Sitting in Muscat now looking out at a stormy sea from ‘my’ bedroom window (fortunate to have great friends here). High winds and, unusually, raining off and on throughout the day. I really do not remember seeing rain at all when I lived here 2004-2007. And, the temperature tonight, according to the phone app, may, apparently, be as low as 11C – unheard of chilly weather for this part of the world. And this is the second time in two weeks it has been like this. I could feel a little depressed I suppose wondering if this is the effect of global warming, but I won’t ponder on that.
The consequence of the strong winds this morning though was, that I chose to do a fifty minute cardio workout, the alternative offered by the training schedule to replace the five or six-mile ‘easy run’ if desired.
So a search on youtube threw up a few options and I got started. I used to love aerobic and step classes, all that high energy, impact jumping up and down. But some twenty plus years on… OMG it was tough. Wondering if I can look forward to aches in places I haven’t had for a while when I wake tomorrow morning, but won’t dwell on that either.
Given that I’m not exactly at the younger end of the runners scale, I thought it prudent to have a physiotherapist check me over for alignment and suchlike – I have determined that I am going to finish all this training for the Comrades in Durban in a better state of health than I was in going into it ( I started off already in a generally good state of health ). All was good, some minor modifications to stretches here and there.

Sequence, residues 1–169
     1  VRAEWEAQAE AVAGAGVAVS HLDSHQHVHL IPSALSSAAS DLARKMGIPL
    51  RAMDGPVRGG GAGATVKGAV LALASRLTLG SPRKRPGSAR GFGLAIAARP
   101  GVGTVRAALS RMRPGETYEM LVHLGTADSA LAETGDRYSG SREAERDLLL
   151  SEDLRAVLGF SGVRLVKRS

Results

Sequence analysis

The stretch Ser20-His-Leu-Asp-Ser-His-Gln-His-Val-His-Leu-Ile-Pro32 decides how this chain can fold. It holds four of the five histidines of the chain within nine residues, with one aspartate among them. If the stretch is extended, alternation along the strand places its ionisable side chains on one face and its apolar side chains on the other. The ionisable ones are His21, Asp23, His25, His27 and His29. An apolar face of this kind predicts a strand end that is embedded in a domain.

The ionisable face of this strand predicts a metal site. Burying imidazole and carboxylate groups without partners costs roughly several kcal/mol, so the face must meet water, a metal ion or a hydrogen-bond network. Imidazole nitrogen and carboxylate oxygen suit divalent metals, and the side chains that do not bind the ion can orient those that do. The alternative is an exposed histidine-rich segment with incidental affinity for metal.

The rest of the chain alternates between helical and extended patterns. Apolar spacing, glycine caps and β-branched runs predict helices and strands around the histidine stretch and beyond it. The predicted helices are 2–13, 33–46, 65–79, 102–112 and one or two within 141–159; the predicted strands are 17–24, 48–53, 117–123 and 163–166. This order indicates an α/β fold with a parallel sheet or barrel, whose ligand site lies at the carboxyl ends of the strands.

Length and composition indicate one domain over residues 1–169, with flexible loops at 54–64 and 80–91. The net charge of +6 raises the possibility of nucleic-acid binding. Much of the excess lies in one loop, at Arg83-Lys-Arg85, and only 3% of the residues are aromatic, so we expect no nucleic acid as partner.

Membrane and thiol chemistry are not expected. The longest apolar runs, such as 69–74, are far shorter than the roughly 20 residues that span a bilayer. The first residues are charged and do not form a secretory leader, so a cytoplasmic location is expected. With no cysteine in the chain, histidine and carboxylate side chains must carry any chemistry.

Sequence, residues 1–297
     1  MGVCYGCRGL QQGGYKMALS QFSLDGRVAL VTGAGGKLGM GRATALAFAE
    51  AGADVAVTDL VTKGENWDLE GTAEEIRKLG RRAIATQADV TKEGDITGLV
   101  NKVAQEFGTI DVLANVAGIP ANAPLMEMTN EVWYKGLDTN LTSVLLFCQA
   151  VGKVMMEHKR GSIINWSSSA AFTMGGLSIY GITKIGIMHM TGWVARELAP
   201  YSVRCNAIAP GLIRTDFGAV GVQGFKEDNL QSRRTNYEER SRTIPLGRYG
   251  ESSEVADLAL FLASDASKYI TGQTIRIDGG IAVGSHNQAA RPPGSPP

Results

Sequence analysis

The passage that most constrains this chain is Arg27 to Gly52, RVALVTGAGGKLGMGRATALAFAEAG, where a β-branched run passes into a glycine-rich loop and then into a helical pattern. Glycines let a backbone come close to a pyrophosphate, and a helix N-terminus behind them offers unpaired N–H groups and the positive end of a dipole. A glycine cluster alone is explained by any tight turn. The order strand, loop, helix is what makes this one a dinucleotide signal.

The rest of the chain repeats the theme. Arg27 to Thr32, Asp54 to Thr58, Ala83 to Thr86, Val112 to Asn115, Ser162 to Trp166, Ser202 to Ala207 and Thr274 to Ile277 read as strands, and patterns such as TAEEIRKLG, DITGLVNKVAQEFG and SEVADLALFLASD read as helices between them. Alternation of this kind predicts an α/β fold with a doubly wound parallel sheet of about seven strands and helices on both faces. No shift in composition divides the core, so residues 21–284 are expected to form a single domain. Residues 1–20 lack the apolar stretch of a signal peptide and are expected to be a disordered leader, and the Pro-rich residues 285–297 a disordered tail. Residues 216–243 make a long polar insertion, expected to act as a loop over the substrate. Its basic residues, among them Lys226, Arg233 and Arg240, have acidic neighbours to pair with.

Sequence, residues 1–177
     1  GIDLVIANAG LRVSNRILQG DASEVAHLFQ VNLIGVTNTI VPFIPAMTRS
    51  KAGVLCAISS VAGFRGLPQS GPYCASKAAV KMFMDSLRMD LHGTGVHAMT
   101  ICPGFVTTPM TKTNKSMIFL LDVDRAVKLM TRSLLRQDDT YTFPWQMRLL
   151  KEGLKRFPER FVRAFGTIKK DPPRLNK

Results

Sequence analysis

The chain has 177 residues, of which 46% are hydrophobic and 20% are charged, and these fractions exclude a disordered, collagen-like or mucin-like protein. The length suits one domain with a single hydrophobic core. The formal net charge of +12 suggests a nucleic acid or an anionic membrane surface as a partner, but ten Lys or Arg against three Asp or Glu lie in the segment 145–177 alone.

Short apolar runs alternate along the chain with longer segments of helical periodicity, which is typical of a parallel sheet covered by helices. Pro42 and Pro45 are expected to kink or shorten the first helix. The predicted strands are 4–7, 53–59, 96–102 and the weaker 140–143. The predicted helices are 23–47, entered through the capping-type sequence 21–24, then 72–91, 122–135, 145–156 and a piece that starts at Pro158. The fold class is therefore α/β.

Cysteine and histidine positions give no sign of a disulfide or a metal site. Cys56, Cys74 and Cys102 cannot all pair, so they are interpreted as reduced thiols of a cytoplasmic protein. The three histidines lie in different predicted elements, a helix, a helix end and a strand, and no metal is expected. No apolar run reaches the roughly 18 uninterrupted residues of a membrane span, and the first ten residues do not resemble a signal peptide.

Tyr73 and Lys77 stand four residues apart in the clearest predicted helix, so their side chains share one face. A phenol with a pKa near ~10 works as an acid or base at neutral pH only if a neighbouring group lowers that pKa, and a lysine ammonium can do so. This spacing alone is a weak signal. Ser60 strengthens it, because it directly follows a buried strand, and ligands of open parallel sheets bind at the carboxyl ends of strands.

I was pleased that I woke up with a resting pulse this morning of 49 BPM, testing it every morning on my Cardiio app to make sure I’m not overdoing it. So for example, if it was over 70 first thing, then I would probably have a rest day, no matter what the schedule said.
I came across Dr Phil Maffetone, from a Google search ‘Clinician. Coach. Innovator’ and, a long distance, ‘seasoned’ runner also. From his, and others, research, he recommends keeping the heart rate within a certain range using his ‘180 Formula’. Roughly, deduct your age from 180, with a small tweak, and you ensure that you keep your heart rate while running around that number. This ensures that the runs are aerobic, as oppose to anaerobic, and avoids unnecessary damage to the body. Crucially, from my own research, this also enables nasal breathing throughout the whole of the run.
All in all, I can say, I am, quite surprisingly, enjoying being back into running. Week one of this 24 week schedule started off with around 28 miles along with some strength sessions; now up to 40 plus miles with some speed work and more strengthening. The joy may be in part as my scenery keeps changing, these last seven weeks have seen me out and about running in Abu Dhabi, Dubai, Glasgow, London and Muscat.